Seahawks projected second-place finish seems so wrong
The Seahawks have been predicted to finish in second place by a few sites. There are several problems with this prediction, and we’ll address them all.
Call me sensitive, call me a homer, but I cannot for the life of me see how the Seahawks will finish second in their division. Okay, if Russell Wilson misses the entire season they won’t win a game. I agree with Michael Bennett on that point. Not really; I’m sure they could squeak out four or five wins without Number 3, but that’s it.
Here’s the projection that made me sit back and say, out loud, “What???” This is from the excellent site – no, I’m not being facetious, it’s a great site – profootballfocus.com. You can read the entire article which projects every NFC team’s finish
"The Seahawks were close to 10-6 last year, and not much has changed for them. They made a few changes on the offensive line but it’s unclear if that will impact the line’s overall quality. Eddie Lacy (77.3) and Bradley McDougald (79.0) were two underrated free agent moves. Since 2013 Lacy has had 169 defenders miss tackles on his carries; a number only topped by Marshawn Lynch, DeMarco Murray and LeSean McCoy. While they might be reasons for optimism, the star players on the roster are either at their prime, or reaching the downside of their career. If the team is able to improve on the last year, they’ll need some of their younger players to take big steps forward."
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Where to start? Because there are a lot of issues here
First, those “few changes” on the offensive line ignores the improvement of every holdover player. George Fant won’t be a power forward playing left tackle this season. That’s just part of the improvement.
Eddie Lacy comes up next, and even has that great missed tackles stat listed. He’s replacing Christine Michael, for the love of Pete Carroll, and yet that’s merely “a reason for optimism”.
Bradley McDougald is set to step in for the All-Pro tandem of Earl Thomas and Kam Chancellor whenever needed, and will fill the role of a big nickel stopper as well. That’s more than a “reason for optimism”.
It’s quite true that several star players are at their prime. It’s quite true that some young players will need to step up. I’m not at all certain why this situation is unique to the Seahawks, though.
Let’s look at the projection for the Cardinals
Actually, my issue is less about the projected 10-6 record for Seattle than the reasoning behind it. The Arizona Cardinals are also projected to finish at 10-6, but win the tie-break. On the Cardinals:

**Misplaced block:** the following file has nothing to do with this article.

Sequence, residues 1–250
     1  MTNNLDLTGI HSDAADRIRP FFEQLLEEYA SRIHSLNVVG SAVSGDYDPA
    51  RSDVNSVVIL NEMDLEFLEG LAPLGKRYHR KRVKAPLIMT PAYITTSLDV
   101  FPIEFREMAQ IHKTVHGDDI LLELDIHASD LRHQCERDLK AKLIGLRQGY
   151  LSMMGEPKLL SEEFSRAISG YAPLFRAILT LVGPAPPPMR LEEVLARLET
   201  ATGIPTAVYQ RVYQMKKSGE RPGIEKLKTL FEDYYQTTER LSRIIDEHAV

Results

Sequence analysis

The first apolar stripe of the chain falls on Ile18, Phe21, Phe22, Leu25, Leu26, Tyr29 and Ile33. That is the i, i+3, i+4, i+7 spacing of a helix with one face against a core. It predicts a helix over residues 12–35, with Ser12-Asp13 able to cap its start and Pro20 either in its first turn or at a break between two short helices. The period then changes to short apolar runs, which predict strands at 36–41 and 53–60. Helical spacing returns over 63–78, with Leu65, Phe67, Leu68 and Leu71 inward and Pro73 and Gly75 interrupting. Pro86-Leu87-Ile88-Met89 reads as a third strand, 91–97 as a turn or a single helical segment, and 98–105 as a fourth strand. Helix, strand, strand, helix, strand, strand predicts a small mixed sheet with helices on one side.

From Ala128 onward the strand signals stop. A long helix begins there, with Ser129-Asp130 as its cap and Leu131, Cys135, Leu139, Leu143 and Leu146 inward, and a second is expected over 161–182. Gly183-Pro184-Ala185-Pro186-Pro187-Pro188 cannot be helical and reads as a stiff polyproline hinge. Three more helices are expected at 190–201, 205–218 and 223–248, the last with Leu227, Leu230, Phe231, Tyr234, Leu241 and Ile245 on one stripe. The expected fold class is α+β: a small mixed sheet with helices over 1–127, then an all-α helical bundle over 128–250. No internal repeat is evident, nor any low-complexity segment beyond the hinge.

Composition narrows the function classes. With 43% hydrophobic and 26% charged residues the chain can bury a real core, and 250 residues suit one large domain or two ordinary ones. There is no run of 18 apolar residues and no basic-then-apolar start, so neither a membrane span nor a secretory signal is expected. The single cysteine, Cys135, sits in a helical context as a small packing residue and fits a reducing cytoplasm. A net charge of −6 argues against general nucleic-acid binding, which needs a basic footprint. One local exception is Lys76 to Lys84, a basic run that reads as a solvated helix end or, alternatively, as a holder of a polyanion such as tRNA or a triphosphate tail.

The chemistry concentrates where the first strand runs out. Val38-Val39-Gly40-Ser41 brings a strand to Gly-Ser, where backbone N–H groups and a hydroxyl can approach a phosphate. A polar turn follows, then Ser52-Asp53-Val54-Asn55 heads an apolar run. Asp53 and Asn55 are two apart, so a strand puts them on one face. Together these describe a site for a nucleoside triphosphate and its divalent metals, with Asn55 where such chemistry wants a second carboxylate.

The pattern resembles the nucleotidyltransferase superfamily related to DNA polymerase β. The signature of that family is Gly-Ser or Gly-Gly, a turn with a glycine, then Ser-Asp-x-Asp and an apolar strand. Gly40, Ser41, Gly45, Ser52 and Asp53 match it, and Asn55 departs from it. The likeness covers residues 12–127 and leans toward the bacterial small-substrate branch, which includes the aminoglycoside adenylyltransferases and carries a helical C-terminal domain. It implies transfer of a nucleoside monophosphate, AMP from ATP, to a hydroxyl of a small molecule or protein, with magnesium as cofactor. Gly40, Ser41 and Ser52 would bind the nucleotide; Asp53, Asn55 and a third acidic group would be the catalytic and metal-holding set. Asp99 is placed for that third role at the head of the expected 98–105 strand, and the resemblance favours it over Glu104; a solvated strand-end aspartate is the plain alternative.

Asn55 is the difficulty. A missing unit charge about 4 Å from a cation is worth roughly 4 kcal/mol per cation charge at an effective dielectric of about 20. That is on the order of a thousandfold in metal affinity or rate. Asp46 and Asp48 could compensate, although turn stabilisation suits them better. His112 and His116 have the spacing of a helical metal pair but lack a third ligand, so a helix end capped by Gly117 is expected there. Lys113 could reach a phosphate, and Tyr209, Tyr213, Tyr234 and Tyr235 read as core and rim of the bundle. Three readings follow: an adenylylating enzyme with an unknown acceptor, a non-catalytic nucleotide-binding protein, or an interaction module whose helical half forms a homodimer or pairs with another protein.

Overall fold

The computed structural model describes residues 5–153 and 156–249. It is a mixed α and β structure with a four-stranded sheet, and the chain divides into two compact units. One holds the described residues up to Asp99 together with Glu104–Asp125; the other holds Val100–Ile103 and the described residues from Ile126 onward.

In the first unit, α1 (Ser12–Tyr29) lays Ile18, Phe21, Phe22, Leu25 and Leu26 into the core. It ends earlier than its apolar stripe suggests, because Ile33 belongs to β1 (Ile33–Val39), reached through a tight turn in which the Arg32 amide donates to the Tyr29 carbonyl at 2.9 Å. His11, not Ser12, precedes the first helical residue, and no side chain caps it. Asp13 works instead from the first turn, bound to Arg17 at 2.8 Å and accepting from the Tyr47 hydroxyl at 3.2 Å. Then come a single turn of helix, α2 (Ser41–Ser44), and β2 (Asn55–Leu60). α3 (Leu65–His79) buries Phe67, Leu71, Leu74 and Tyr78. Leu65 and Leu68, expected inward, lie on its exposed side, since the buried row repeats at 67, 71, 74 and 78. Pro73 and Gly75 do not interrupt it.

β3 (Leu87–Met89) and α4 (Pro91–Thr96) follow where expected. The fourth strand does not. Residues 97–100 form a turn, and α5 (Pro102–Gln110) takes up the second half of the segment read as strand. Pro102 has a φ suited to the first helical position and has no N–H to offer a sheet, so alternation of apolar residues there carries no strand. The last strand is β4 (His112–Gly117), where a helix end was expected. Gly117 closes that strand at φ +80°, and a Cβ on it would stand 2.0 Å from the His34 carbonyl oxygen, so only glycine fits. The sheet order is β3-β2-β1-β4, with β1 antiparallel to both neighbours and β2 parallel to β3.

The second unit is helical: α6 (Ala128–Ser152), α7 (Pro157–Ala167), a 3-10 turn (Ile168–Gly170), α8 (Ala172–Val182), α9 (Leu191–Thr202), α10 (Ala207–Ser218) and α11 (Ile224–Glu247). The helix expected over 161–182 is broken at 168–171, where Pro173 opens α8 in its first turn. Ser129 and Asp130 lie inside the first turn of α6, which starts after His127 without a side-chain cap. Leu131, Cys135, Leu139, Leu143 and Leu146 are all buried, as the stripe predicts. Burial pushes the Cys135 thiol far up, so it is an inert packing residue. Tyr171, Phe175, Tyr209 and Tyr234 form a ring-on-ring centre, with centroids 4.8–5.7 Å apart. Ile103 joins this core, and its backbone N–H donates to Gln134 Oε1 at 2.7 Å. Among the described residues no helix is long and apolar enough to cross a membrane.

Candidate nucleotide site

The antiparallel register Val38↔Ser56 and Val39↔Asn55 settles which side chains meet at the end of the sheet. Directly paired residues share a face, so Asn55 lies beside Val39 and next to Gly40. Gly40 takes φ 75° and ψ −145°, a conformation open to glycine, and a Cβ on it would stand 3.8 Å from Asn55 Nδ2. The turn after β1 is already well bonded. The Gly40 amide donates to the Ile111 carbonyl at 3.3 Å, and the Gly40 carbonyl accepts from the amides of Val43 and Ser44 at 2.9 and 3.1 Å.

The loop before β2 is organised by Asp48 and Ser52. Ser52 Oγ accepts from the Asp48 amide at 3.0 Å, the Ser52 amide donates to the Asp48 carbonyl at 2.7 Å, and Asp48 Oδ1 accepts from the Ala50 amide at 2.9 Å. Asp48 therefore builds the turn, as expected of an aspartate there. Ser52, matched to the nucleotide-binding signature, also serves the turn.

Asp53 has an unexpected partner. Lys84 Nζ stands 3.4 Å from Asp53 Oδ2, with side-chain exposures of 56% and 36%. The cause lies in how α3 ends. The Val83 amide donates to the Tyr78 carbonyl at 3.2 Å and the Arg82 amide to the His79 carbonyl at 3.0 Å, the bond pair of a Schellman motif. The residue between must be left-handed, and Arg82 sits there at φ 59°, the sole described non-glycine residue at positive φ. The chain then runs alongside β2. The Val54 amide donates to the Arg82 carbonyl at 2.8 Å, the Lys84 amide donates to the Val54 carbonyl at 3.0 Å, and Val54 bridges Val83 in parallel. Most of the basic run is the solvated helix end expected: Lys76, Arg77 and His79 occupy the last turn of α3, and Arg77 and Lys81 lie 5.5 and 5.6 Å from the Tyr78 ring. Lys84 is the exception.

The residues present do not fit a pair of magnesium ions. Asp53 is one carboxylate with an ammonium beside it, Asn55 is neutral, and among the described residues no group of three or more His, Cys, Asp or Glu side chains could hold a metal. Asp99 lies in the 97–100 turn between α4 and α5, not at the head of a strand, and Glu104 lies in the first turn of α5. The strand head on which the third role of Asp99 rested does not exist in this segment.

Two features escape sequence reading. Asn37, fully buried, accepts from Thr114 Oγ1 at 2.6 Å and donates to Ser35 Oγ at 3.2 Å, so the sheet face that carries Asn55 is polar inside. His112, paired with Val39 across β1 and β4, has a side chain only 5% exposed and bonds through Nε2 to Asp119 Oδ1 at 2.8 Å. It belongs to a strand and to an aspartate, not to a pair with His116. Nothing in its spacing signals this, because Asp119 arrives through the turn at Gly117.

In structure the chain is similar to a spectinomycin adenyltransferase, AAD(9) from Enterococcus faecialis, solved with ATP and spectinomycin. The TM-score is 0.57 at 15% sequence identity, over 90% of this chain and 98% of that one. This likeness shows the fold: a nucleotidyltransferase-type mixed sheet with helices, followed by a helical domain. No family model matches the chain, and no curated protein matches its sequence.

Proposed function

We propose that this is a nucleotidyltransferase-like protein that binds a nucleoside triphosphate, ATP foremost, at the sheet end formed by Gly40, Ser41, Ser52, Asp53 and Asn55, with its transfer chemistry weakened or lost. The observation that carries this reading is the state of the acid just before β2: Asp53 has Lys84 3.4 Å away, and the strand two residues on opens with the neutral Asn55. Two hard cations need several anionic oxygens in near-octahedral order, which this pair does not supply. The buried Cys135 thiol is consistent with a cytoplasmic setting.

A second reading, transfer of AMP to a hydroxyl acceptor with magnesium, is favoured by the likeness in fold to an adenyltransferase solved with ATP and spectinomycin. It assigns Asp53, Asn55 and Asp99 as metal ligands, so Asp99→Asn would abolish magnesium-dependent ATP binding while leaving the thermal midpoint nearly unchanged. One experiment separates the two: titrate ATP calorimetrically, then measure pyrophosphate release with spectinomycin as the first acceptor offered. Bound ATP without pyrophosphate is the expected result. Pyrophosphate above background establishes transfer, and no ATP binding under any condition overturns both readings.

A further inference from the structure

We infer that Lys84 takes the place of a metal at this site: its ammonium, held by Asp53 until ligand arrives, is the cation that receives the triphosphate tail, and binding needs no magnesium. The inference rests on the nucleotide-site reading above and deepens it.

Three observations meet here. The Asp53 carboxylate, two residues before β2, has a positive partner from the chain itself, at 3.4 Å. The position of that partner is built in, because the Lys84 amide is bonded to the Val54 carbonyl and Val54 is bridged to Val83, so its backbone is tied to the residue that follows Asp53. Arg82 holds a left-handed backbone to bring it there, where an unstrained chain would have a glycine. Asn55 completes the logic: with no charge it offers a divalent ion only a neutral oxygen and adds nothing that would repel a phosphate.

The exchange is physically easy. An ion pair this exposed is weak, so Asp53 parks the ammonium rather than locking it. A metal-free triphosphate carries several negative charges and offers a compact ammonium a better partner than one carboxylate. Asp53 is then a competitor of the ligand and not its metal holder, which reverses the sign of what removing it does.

"In 2015, the Cardinals were a game away from the Super Bowl. They followed that up with a season where they were top 12 in terms of PFF overall grade for the team, and they scored 50 more points than they allowed, but still ended up with a losing record. They will definitely miss longtime veteran Calais Campbell, but many of the lowest-graded players on the roster are either no longer on the roster or will no longer see playing time unless there is an injury. Winning more close games than they lose should get the Cardinals on the right side of .500, and if Carson Palmer or Tyrann Mathieu is able to return to their 2015 form, Arizona should find their way back into the playoffs."
So we start with the fact the Cardinals were a playoff team in 2015. And were a losing team in 2016. Which is more valuable when predicting 2017? Hint: unless a key player was out, it isn’t the season from two years ago. 38 points of that 50 point differential came in the last game of the season against a reeling Rams team. Now that was a team in turmoil.
“Many of the lowest-graded players” have been replaced. Is there some guarantee the unnamed replacements are better? Or would that be a “reason for optimism”? Speaking of optimism, how exactly does a team win more close games than they lose? The only path given is a return to form for Carson Palmer or Tyrann Mathieu.
How will Palmer bounce back but Wilson won’t?
So, the Seahawks have star players at their prime or on the downside. But Carson Palmer will return to his 2015 form. 37 year old Carson Palmer, whose 2015 season was an aberration. That guy, who will be 38 before the season ends, will bounce back, but the Seahawks stars are on the downside of their careers. Right.
Palmer had a great year in 2015, especially for a 36 year old quarterback. Even then, it was only the second time in his career his passer rating was above 96.0. In case you need reminding, Russell Wilson‘s passer rating has never been lower than 92.6. Or to put it another way, Carson Palmer has nine seasons with a lower passer rating than Wilson. And he’s nine years older. Palmer’s average passer rating is 88.0. Wilson’s is 99.6. So at the most important position in football, the Cardinals get the benefit of the doubt, and the Seahawks don’t?
As I said, profootballfocus.com is a great site, and this particular article has some great insights. But it’s off the mark on the predictions for these two teams.